There will come a point where you will want to store data which isn’t lost when your microprocessor loses power. This is particularly handy for storing calibration or configuration values, to save you having to re-calibrate some piece of hardware (e.g., IMUs, and servos) every time the power cycles. One solution for Arduino boards is using EEPROM (Electrically Erasable Programmable Read-Only Memory).
EEPROM is a type of non-volatile ROM that enables individual bytes of data to be erased and reprogrammed. It is used to store small amounts of data which are written occasionally and then read multiple times.
EEPROM is often contained within the microprocessor, and different boards will have different amounts. For example, the ATMega328P used in the UNO R3 and Nano, has 1024 bytes (1KB) of EEPROM. It is organized as a separate data space, and the EEPROM data bytes are addressed linearly between 0 and 1023.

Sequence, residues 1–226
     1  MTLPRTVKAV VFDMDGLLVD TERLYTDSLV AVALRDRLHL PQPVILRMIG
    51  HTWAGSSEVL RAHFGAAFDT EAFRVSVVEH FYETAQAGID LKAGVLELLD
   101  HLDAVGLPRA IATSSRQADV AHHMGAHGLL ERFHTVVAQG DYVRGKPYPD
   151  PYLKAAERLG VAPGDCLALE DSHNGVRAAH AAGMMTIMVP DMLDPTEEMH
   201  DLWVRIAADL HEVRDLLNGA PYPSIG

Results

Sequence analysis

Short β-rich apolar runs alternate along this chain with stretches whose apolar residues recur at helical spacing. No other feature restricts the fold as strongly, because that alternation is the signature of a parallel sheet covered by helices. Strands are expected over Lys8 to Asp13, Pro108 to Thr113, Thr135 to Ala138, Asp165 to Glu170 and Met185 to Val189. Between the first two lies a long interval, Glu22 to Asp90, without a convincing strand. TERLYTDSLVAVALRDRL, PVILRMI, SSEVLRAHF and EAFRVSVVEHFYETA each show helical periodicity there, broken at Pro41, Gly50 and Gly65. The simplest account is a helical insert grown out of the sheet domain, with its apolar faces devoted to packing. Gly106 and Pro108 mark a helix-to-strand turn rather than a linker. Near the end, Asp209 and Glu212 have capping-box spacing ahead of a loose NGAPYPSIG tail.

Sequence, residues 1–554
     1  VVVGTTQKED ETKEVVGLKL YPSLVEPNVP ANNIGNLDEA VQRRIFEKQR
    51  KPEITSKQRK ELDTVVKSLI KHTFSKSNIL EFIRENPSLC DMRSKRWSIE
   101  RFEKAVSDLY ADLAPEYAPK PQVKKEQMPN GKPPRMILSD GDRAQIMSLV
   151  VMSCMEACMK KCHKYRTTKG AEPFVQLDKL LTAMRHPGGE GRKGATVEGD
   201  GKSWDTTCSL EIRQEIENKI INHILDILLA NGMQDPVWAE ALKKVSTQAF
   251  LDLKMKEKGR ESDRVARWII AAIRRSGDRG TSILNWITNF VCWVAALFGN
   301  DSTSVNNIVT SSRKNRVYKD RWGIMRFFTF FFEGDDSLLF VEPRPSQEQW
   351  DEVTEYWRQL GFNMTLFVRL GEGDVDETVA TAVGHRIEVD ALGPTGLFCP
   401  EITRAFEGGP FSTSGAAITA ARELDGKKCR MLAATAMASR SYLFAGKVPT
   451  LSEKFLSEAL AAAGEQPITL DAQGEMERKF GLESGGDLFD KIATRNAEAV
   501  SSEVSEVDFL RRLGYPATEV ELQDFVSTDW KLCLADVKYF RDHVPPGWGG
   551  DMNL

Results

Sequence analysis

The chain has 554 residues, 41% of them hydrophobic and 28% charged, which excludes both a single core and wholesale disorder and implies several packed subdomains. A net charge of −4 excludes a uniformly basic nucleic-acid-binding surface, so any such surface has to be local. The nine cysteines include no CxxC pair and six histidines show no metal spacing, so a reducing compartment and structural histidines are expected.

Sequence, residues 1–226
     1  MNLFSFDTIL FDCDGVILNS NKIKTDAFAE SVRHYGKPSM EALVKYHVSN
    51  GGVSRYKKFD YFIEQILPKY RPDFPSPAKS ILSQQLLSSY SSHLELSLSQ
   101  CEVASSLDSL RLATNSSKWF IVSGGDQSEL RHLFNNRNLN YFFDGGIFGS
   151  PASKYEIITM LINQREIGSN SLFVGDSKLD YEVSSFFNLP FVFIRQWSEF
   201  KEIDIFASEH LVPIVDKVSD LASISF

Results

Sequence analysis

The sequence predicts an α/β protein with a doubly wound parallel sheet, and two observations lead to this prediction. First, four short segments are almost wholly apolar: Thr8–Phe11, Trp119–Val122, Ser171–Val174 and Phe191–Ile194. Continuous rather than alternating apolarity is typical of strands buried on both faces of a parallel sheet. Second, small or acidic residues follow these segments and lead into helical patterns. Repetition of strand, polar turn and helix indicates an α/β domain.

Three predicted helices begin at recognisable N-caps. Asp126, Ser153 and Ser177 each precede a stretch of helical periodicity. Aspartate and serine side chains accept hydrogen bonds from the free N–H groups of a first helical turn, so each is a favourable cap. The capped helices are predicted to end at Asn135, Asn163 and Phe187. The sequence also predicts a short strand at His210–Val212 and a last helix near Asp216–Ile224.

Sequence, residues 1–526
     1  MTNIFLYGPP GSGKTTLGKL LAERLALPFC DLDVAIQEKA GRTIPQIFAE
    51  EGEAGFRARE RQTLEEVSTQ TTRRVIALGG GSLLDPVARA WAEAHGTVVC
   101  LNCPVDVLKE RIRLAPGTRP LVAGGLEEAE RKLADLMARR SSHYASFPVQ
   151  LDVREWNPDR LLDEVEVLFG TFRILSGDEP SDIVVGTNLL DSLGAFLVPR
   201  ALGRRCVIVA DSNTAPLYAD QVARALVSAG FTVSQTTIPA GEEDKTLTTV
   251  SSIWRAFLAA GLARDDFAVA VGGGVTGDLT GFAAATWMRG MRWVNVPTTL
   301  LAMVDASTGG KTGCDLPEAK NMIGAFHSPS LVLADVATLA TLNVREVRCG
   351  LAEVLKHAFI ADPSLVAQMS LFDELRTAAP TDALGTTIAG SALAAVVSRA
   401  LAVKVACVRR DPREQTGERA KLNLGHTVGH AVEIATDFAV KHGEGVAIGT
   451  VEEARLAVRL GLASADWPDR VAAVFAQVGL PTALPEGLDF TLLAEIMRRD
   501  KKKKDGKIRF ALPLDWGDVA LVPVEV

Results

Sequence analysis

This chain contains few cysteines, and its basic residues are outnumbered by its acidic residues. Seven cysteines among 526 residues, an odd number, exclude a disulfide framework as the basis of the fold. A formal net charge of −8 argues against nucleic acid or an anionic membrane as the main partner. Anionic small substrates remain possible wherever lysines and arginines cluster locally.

Volatile memory is temporary and loses data when power is lost,
while non-volatile memory retains data even when the power is off.
Both types of memory serve critical roles in computing systems,
with volatile memory providing the working space for active processes
and non-volatile memory providing long-term data storage and program
The following Arduino boards all have some form of EEPROM:
- UNO R4 Minima
- UNO R4 WiFi
- UNO Rev.3
- UNO WiFi Rev.2
- Mega 2560 Rev.3
- Nano Every
Static RAM (SRAM) and Dynamic RAM (DRAM) are two common types of
volatile computer memory with key differences:
SRAM uses flip-flops to store each bit of data. These flip-flops are
stable and do not need constant refreshing to retain data.
DRAM uses a capacitor to store each bit of data. Capacitors discharge
over time, so DRAM requires periodic refreshing to maintain data
Speed and Access Time:
SRAM is faster and has a shorter access time compared to DRAM. It
provides rapid access to stored data, making it suitable for cache memory
and high-speed applications.